Albert Reiss Dies; Criminologist Studied Citizens And Police


Albert J. Reiss, Jr., a prominent criminologist known for his work on the systematic observation of police officers, died last week at 83. He was an emeritus sociology professor at Yale University. Lawrence Sherman, a former student of Reiss and now director of the University of Pennsylvania’s Jerry Lee Center of Criminology, noted that as a research director for President Lyndon Johnson's Commission on Law Enforcement and Administration of Justice in 1966, Reiss “pioneered a new method of studying violence by direct observation in natural settings using laboratory-like precision.” His 36 trained observers to recorded the behavior of 11,255 citizens in 5,360 incidents, in about 10 percent of which some level of violence emerged. Reiss found that the risk of violence depended heavily on whether the police encounter was “proactive” or “reactive.” Sherman says that Reiss's analysis of the “distinction between reactive and proactive police work helped shape a revolution in police practices, in which police leaders took control of decisions to launch proactive strategies.”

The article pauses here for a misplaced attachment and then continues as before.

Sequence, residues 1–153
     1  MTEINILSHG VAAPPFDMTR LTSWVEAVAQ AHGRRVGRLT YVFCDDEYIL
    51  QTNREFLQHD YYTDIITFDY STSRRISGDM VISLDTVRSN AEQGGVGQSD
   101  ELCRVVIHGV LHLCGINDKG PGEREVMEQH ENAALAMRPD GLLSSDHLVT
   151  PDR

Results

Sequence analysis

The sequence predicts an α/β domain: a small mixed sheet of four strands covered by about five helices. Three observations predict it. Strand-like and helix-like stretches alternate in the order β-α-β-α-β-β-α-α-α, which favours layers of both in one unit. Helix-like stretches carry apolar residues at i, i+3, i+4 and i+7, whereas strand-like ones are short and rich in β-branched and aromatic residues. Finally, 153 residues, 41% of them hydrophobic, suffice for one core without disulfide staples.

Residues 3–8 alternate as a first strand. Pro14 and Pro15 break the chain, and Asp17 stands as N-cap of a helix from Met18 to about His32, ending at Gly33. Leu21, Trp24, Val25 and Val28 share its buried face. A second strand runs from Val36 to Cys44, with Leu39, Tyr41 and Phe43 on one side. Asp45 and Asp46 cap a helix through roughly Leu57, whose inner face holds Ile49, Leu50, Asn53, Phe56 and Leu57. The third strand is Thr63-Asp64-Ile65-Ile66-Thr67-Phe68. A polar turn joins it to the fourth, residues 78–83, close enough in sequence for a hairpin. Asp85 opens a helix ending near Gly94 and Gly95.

Reiss received an Honorary LL.D. from John Jay College in 1981. He served as a consultant to the National Advisory Commission on Civil Disorders. He was a past president of the Society for the Study of Social Problems and the American Society of Criminology. Among his publications are “The Police and the Public; Indicators of Crime and Criminal Justice,” and “Understanding and Preventing Violence.” There will be a memorial service at 11 a.m. this Saturday, May 6, in Dwight Chapel at Yale. Donations may be made for the Albert J. Reiss, Jr. Award for Distinguished Scholarship in Crime, Law & Deviance, to the American Sociological Association, 1307 New York Avenue, N.W., Suite 700, Washington, D.C. 20005.


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